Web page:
Fighting Words: Canadian Soldiers’ Slang and Swearing in the Great War, a brilliant essay by Tim Cook, is probably the best example of swearing and slang used during wartime to create a sense of belonging for soldiers. It was very important for the fresh faces for learn the slang and use it just like the other soldiers, although some of them would have never used swear words before joining the war and most likely would have avoided the use of strongly taboo terms, especially the ones they learnt while on duty.
It seemed quite difficult to detect the swear words at soldiers during the First World War as there is very little documentation you could extract this kind of information from. However, it is well known that certain words used by soldiers were at that time considered both shocking and reflecting a lower social class. ‘Bloody’, for example, was considered as a ‘lower-class’ word, The British Library reports.
Another good example is the word ‘bloke’, which at the moment would not be considered a swear word, although in 1914 it was associated to quite a few different things, including an officer, a ‘quarter-bloke’ or a quartermaster-sergeant, while in the Navy, ‘the Bloke’ was slang for the captain.
Self-censorship in documentation was used by Private Albert Andrews in one of his accounts of an encounter on January 28, 1916, when he said – ‘Look at this ––er … he thinks he’s going to Blighty.’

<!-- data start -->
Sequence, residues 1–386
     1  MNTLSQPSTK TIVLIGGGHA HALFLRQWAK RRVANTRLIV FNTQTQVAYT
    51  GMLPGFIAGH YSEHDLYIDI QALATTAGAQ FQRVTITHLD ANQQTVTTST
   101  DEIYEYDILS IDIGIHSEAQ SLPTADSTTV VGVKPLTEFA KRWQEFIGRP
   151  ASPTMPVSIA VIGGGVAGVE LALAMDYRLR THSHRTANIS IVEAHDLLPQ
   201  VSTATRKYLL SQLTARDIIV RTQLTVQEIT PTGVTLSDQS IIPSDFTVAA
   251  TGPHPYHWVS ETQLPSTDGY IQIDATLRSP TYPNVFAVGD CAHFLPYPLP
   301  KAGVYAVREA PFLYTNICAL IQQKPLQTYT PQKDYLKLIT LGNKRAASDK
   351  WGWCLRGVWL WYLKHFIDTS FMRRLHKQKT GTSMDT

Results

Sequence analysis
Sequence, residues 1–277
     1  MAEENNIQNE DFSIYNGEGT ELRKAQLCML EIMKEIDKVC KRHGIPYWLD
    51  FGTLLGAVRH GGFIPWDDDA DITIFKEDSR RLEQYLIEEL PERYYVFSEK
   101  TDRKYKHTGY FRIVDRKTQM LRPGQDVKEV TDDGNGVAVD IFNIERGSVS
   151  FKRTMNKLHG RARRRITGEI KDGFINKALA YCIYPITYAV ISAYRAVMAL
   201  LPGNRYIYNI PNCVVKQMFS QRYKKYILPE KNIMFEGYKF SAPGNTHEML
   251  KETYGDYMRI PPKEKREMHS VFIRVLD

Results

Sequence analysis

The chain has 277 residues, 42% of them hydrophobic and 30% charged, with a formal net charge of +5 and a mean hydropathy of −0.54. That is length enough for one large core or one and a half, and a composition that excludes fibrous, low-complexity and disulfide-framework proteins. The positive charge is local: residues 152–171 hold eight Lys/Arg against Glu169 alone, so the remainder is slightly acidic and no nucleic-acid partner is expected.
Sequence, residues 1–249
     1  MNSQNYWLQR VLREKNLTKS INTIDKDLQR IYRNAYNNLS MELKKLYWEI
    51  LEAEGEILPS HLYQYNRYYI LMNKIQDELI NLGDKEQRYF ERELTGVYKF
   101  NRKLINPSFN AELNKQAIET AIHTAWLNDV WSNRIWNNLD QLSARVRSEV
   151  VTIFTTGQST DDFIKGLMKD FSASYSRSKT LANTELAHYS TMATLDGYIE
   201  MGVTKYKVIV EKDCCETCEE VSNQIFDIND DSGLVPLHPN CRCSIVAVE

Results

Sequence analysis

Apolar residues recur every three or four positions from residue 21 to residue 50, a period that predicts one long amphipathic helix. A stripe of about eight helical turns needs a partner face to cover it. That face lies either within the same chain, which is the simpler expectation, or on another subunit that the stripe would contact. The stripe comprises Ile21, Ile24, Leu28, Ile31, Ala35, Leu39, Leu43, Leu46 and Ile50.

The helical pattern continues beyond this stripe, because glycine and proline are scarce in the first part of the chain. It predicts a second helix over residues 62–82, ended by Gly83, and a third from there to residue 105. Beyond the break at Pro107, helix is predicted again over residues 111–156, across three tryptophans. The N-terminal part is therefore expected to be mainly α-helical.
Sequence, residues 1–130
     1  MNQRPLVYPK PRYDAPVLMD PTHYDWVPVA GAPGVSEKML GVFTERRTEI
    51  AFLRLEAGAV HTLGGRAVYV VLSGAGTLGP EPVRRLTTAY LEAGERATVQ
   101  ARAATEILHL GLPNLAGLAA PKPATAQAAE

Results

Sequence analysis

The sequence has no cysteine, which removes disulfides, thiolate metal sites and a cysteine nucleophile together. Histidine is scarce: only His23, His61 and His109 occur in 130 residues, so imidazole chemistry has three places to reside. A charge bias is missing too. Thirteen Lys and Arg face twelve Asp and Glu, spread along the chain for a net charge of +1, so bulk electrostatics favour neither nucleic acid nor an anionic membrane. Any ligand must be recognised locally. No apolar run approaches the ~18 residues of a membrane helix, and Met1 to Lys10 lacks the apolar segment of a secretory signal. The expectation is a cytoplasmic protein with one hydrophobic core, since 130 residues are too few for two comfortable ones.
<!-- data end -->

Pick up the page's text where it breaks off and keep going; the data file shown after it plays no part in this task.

Casual and deliberate swearing, including ‘*******’ and ‘bloody’, where the expression ‘get your ******* rifles’ was viewed as considerably less urgent than the expression ‘get your rifles’. For most of the servicemen coming from middle-class families, this kind of behavior and speaking was shocking and it sometimes made them want to isolate. One of them was Donald McNair, who simply could not hear anymore swear words used in conversations by his comrades – ‘utterly low-class and foul-mouthed louts – I certainly have nothing in common with them, and find it difficult to put up with their wantonly pointless, witless and filthy conversation.’
It wasn’t always permitted to swear, in fact, the army knew exactly whether it was deliberately offensive swearing or ‘occupational swearing’. Some documents show that if soldiers were caught swearing for no reason, they were punished. Among those who suffered from using swear words without needing to, was Private Alfred Smith, of the West Yorkshire Regiment, who received a fine of seven shillings and six pence, plus three days confined to barracks for showing off drunk and for using ‘highly obscene language.’